Blackwater Barge Match Raced With Skill In Light Airs

Richard Writes: A crew from Maldon Little Ship Club spent their Friday practising and their Saturday coaxing Cambria into third place overall and second in the bowsprit class.

The day started almost calm with many craft exhibiting complex and innovative methods of keeping above the start line with anchors over the stern. Others used seamanlike techniques as with Reminder which dropped her main anchor to avoid going between the limit mark and the committee boat. (more…)

By | 2018-07-11T09:29:53+00:00 July 11th, 2018|

Trials And Tribulations

Richard Writes: I had called into the yard to collect a toilet part for Cambria – yes, this last of the sailormen has complex electric toilets and the paint store now resides in the wheel box where her loo once was – and was delighted to see Tom Cook aloft on Blue Mermaid having just fitted high tensile steel crosstrees. Meanwhile apprentice Jasmine Klimcke was aft measuring the mizzen shrouds. Nearby and barely visible was the superb sliding scuttle hatch made by Shaun White who reportedly said he would have taken more trouble if he had realised Jim Dines was going to varnish it. We were intent on a low maintenance high-build semi-gloss finish on the woodwork but Jim has insisted on making up the difference and using two-pack epoxy varnish. 

Jim caught me and we looked at positions for chainplates for runners. Every attempt is being made to copy the positions on Resourceful, sister ship to the original Blue Mermaid subject only to the position of the webs strengthening the rails. Most barges have backstays further aft now to support the rig generally and for racing whereas they look to have been further forward in the past. The originals had an extra chainplate ahead of the vang for topmast backstays to go when carrying big headsails. You can still find the old rivet holes for these in Reminder and they are still there on Resourceful. It is not clear if they had a second pair of stays for these or a means of extending the one set. More thought is needed but if anyone knows how the geometry worked to extend topmast backstays aft in this way please let us know.

By | 2018-07-11T09:23:06+00:00 July 6th, 2018|

London Nautical School Back Again For More

Nine Year Nine Nautical Studies Students from the London Nautical School at the end of their three days with Sea-Change aboard SB Cambria, with their teacher James Bullar MBE and crew Dave Cooper, Capt Richard Gavin and Hilary Halajko.

Monday and Tuesday were sunny but windy and quite a challenge beating down the Blackwater against an easterly force 6, though shelter was found inside Colne Point for a visit to the beach and a swim.

Wednesday produced more normal conditions and by the time we picked up the mooring, the students were working well as a team and appreciated the kind of attention to detail and sticking at their jobs required by engineless sailing.

Thanks to Chris Livett who has supported this and another LNS trip this year. More photos here.

By | 2018-07-06T11:43:28+00:00 July 5th, 2018|

Sea-Change Mates and Skippers Training Course 1

Click Photo For Album

Richard Writes: As part of their commitment to the future of sailing barges, the trustees of Sea-Change supported offering structured training for aspiring mates and skippers during their bareboat charter of Cambria from owners the Cambria Trust.  This has been made possible by help from the Whirlwind Trust which has supported the charity for several years.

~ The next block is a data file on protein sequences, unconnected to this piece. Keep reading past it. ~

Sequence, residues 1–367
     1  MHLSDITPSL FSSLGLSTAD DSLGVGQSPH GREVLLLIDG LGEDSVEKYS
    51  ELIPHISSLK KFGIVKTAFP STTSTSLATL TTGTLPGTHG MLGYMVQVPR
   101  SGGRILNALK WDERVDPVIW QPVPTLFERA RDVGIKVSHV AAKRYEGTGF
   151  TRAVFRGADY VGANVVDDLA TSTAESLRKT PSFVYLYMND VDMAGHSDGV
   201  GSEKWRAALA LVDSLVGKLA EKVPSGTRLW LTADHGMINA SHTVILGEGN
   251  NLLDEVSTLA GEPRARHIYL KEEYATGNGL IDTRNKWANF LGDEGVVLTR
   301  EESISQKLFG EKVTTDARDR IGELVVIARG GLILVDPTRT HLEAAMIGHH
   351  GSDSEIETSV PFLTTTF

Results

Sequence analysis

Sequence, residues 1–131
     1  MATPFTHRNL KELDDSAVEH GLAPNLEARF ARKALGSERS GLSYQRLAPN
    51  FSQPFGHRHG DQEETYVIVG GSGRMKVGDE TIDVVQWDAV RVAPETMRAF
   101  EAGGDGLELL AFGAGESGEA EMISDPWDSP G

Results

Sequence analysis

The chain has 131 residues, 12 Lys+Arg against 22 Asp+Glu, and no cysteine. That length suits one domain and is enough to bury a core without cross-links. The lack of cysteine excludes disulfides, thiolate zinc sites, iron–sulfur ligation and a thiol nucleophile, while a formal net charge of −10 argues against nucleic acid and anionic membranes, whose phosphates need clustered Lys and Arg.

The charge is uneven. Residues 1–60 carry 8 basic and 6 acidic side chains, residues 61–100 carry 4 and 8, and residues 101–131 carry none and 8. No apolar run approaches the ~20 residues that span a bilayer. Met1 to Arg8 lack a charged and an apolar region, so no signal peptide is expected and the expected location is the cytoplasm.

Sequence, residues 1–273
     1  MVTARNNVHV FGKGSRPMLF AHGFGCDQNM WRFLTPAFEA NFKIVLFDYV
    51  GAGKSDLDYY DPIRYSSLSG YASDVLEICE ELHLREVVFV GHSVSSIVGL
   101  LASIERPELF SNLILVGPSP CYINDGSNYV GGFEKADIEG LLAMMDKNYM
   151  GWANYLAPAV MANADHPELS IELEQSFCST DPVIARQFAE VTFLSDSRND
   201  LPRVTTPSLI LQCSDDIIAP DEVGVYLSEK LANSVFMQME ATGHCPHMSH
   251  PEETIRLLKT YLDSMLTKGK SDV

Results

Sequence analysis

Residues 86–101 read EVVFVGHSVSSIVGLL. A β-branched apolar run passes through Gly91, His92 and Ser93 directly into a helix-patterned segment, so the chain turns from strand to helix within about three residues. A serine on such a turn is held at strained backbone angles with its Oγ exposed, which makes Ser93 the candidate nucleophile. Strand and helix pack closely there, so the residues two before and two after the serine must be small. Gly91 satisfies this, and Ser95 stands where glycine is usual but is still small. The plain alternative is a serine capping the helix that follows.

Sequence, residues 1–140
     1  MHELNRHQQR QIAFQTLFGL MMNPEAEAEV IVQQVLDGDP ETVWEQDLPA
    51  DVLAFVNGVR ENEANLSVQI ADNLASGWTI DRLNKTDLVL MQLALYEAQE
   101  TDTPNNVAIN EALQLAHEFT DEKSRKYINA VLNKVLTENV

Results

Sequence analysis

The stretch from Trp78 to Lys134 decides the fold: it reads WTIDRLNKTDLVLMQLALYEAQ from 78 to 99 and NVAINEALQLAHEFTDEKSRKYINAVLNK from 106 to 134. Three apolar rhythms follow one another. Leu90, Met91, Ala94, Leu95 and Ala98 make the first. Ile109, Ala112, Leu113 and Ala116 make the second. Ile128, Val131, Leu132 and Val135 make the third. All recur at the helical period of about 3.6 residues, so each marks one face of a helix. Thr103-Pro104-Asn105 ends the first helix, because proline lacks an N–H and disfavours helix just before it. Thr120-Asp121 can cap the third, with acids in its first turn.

Cambria was on Pin Mill hard as a picturesque backdrop to the Barge Match weekend after some maintenance a week earlier and while Sea-Change delivered a long-booked charter on Reminder. During the match weekend trustee Jonathan Simper painted much of the wale and the red line on the transom and the crew from Sea-Change returned on Sunday 24th to a smart looking ship.

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By | 2018-07-11T09:24:31+00:00 July 3rd, 2018|

A Great Week With Lexden Springs

Richard Writes: This amazing special school for young people with severe learning difficulties sailed first with us last year, when their headteacher wanted to try out the idea as it had worked well for him at another. On Monday a keen group of eight students and four staff arrived bright eyed and bushy tailed at Maldon Hythe Quay to join Richard, Hilary and Stretch on Reminder. The students included three who came last year, which is always good to see as they help new people settle in and reinforce their own learning and confidence. Food and gear was left on the quay to let the bus get away while everyone looked over the barge, before making a human chain to bring it aboard. After lunch there was the usual safety brief and deck brief before the tide served and we left the quay, turning on the anchor, which gave the students a first taste of winding winch handles. A fair but fresh to strong wind meant the engines could be dispensed with off the Bath Wall and foresail and gradually more mainsail could be set by the students for the run down river. We were careful to set enough sail to keep control but little enough to allow the new crew to slowly come to terms with their new home as it gybed at Herring and Hillypool Points. Down by Stone the wind eased and the gaskets came off the topsail to speed us to the Colne.

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By | 2018-07-11T09:25:32+00:00 June 23rd, 2018|